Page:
Richmond Times, July 20 1900
When it came to the literacy test, for instance, the amendment’s supporters promised white voters that poll keepers would fail all (or nearly all) blacks, no matter how well they could read and write, and they would never fail whites, no matter how illiterate they might be.
They were true to their word.
“The Blood that will be Spilled”
After the General Assembly passed the disfranchisement amendment in 1899, the white supremacists took the amendment to the state’s voters for ratification. An election was set for August 2, 1900.
To build support, the white supremacists held rallies in more than 60 of North Carolina’s cities, towns and rural crossroads.
From the mountains to the coast, the crowds were enormous.
Some small towns could barely hold the crowds. In Gatesville, for instance, just below the Virginia line, 3,000 people, many of them on horseback, gathered on the edge of the Great Dismal Swamp.
“An audience of over 3,000 people at Gatesville, N. C, today heard campaign orators talk of white supremacy till it was shaken by great waves of enthusiasm. Pretty women with white dresses and red ribbons applauded merrily.”
Daily Times (Richmond), 27 July 1900
Leaders of the white supremacist movement were– or became– some of the state’s most illustrious figures.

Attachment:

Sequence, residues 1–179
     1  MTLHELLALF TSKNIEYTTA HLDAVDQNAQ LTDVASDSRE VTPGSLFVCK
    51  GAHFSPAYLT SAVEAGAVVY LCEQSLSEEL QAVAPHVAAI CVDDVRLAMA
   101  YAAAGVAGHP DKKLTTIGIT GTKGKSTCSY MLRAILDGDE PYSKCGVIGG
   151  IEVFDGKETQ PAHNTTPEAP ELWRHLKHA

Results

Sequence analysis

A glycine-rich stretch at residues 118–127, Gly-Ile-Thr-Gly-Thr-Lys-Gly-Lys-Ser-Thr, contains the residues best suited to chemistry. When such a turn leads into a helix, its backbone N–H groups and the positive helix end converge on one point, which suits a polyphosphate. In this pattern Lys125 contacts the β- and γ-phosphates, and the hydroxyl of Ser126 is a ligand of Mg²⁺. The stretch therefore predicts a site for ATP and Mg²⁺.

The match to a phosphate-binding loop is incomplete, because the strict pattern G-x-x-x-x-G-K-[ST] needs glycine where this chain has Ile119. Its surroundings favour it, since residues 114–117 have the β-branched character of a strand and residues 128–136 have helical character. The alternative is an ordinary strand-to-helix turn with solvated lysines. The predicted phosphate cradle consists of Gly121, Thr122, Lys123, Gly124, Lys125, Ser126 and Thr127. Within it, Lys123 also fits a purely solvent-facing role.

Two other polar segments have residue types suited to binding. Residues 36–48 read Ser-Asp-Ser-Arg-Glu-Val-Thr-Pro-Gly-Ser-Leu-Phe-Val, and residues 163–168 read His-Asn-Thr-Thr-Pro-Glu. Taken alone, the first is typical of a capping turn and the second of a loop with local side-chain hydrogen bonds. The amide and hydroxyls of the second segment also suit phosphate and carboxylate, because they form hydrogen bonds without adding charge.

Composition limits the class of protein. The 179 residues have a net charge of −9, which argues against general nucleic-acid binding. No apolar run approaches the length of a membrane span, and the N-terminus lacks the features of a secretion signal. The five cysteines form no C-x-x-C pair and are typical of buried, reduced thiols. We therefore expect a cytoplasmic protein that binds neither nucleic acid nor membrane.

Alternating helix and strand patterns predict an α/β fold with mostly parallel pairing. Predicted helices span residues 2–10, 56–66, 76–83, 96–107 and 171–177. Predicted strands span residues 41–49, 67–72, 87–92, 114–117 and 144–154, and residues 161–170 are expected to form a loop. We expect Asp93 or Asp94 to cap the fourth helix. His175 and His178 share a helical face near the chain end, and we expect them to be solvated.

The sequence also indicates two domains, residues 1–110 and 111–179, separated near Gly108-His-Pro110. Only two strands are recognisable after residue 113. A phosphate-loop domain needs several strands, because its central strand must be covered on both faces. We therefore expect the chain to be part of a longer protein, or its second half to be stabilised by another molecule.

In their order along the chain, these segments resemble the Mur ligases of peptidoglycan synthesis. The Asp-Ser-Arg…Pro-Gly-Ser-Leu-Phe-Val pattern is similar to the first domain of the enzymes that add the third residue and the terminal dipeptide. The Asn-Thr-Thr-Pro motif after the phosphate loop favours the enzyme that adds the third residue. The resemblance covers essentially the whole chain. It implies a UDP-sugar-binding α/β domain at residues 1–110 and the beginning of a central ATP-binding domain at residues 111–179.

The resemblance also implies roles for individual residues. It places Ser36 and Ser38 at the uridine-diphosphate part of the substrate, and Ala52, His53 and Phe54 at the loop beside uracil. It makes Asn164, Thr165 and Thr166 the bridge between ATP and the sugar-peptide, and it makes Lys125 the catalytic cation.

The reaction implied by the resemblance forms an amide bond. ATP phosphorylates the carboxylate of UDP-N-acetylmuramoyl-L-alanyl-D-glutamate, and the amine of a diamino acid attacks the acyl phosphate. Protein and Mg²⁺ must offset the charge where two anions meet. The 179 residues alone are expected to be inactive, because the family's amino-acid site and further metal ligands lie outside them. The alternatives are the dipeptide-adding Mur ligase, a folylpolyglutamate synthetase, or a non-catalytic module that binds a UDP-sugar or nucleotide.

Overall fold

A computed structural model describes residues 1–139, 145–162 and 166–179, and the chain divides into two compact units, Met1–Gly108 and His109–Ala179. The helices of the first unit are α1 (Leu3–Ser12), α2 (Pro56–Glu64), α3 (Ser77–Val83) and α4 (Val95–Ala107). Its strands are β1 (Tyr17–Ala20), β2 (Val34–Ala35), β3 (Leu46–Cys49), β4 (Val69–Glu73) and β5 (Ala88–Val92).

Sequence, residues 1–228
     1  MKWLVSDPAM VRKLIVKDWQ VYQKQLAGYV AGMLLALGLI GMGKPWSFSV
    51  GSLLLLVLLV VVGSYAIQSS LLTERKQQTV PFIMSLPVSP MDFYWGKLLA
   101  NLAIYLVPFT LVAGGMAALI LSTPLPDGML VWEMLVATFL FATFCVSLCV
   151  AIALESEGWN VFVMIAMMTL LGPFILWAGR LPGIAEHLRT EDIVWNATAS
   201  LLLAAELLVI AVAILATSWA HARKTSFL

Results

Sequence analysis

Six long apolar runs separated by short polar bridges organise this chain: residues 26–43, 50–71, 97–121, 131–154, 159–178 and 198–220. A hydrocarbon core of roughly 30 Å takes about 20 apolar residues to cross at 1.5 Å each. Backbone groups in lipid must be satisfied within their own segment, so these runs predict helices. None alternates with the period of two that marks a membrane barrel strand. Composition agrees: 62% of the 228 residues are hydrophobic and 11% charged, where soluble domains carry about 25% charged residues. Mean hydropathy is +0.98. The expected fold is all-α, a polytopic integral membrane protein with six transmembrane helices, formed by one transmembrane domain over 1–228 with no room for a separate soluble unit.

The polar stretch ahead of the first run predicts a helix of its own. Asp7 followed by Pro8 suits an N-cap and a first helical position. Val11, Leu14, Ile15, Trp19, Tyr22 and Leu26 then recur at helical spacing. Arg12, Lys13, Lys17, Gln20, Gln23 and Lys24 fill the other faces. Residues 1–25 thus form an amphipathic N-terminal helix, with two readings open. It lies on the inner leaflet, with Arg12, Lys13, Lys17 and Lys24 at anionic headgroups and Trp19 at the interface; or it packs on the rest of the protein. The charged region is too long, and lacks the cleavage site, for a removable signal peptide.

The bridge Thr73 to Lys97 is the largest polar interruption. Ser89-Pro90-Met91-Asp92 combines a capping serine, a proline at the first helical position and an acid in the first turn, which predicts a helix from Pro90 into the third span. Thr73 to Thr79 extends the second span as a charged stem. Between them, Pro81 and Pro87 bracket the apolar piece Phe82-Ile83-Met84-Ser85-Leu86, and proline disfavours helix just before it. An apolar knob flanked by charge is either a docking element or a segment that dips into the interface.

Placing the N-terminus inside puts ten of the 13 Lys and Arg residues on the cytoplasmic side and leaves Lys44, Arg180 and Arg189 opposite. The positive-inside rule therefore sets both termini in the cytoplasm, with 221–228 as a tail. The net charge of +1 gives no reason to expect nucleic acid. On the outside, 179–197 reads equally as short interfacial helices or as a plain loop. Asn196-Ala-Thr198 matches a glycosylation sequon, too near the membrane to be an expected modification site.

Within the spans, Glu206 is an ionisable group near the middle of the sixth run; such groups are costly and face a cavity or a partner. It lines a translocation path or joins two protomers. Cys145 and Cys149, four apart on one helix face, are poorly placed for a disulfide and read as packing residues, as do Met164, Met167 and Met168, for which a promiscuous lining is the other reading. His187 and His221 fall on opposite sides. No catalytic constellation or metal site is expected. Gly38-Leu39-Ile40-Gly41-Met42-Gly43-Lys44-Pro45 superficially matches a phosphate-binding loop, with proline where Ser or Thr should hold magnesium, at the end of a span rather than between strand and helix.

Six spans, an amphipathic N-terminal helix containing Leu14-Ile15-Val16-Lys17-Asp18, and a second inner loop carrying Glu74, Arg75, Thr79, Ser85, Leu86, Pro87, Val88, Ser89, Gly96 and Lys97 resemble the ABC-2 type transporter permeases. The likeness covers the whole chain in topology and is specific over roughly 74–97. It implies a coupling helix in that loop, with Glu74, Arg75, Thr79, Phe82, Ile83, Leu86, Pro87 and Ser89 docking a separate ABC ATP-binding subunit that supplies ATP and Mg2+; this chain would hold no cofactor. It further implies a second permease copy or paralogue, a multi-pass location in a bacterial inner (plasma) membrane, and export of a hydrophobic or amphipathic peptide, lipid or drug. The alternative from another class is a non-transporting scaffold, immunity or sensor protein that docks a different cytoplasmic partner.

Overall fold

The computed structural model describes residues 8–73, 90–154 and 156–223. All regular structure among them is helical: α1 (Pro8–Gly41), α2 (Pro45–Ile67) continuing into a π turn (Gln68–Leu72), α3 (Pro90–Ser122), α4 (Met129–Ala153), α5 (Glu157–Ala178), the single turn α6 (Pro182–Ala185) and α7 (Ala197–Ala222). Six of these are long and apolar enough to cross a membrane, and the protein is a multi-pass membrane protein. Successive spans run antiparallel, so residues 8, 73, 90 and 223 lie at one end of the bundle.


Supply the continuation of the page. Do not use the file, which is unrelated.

During that campaign to end black voting rights in 1900, the movement’s most effective speakers included six past or future governors of North Carolina—Charles Aycock, Robert Glenn, Cameron Morrison, Thomas Jarvis, William Kitchin and Locke Craig.
“Among the inscriptions on banners and streamers were noticed the following in big, easily read letters: `Peace and prosperity.’ `White men for amendment.’ `All coons look alike.’ ‘White Supremacy.’ `Save North Carolina.’ `Protect our women.'”
Daily Times (Richmond), 27 July 1900
Charles Aycock, a Goldsboro lawyer, was the white supremacy movement’s most popular leader. He was the Democratic Party’s candidate for governor. Wherever he went, crowds of “Red Shirts” accompanied him.
“Charles B. Ayrock. . . was the star orator at the meeting today. . . . His trip from Hamlet to Lumberton was a series of ovations. With him were three or four hundred men wearing red shirts, red ties and badges announcing that they favored white supremacy.”